Afghanistan Faces Financial Turmoil With Taliban Cut Off From Reserves

Image Credit: iStock, sasacvetkovic33

Sign up for smart news, insights, and analysis on the biggest financial stories of the day.

The overthrow of Afghanistan’s government by the Taliban this week has heightened concerns about regional stability in the Middle East and the safety of refugees. Now, the economic fallout is beginning.

Afghanistan’s former central banker Ajmal Ahmady — who fled the country alongside other officials — warned Wednesday that a dire shortage of dollars and higher inflation are poised to hammer the country’s financial outlook.

“It’s Going to Be Quite Dire”

With 90% of Afghans living below the poverty level of $2 per day (according to the U.S. Congressional Research Service), Afghanistan is already one of the world’s poorest nations. A financial crisis is now a serious probability in the country, where 75% of public spending is financed by international aid:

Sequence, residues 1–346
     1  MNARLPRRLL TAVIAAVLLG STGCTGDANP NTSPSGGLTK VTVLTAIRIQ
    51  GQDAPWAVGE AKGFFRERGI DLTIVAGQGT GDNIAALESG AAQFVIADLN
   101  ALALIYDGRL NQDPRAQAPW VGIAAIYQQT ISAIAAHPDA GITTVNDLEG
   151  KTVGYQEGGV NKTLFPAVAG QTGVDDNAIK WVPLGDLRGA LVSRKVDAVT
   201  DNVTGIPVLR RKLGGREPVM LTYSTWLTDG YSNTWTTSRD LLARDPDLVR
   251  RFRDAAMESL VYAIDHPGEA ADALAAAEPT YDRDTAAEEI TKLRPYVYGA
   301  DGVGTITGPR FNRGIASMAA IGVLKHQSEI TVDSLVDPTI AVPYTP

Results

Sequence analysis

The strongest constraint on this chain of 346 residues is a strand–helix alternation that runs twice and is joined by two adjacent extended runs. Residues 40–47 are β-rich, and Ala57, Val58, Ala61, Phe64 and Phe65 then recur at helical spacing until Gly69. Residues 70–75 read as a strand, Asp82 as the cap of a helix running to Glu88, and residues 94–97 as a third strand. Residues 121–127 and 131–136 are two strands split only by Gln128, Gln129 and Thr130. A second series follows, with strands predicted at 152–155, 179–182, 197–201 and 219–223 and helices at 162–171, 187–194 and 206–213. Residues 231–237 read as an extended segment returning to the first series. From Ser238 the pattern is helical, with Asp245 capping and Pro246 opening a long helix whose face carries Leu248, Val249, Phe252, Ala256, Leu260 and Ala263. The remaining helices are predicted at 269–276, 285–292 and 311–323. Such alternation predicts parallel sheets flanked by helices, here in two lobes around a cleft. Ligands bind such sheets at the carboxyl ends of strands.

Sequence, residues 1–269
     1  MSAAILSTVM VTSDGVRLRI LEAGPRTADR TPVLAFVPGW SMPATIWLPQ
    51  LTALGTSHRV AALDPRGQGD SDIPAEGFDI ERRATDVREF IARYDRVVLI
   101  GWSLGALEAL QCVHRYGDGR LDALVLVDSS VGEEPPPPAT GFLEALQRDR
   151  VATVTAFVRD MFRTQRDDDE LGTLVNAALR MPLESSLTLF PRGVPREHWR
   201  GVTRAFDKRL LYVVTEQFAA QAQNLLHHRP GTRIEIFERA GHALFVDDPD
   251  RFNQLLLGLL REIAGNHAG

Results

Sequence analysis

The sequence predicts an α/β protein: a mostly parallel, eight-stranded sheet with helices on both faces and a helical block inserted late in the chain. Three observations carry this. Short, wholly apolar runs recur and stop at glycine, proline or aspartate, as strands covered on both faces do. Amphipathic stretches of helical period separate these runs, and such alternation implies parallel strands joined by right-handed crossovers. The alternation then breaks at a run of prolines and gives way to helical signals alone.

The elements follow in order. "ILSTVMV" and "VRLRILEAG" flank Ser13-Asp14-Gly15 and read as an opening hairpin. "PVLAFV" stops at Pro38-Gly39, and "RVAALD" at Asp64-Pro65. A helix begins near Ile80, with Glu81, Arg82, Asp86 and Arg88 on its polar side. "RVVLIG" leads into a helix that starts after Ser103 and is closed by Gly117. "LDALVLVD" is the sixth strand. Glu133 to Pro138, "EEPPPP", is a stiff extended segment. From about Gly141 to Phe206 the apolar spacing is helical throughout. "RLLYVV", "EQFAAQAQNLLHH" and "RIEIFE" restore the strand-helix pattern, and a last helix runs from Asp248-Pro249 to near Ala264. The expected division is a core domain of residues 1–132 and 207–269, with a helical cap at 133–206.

• Afghanistan had $9 billion in currency reserves last week, but almost all of them are held in now-frozen international accounts. And the cessation of bulk shipments of dollar reserves from the U.S. could unleash a dangerous rise in food prices and capital controls, as the country’s currency, the Afghani, has collapsed to its weakest levels on record (about 86 per U.S. dollar).
  • The country is set to receive an unconditional $460 million disbursement from the International Monetary Fund on Monday as part of a coronavirus program, but U.S. lawmakers are calling on the Treasury — the IMF’s largest shareholder — to block the payments.

“We’ve finished the military phase and now we’re going to start the economic phase of the impact,” Ahmady told the Financial Times. “It’s going to be quite dire when people will not be able to access the funds they need from the banking sector.”

Riches Deferred: Afghanistan sits on massive mineral deposits worth nearly $1 trillion — iron, copper, gold, as well as highly demanded industrial metals like lithium. But the mining sector, which could dramatically transform the country’s economic prospects, never developed amid decades of war, occupation, and corruption.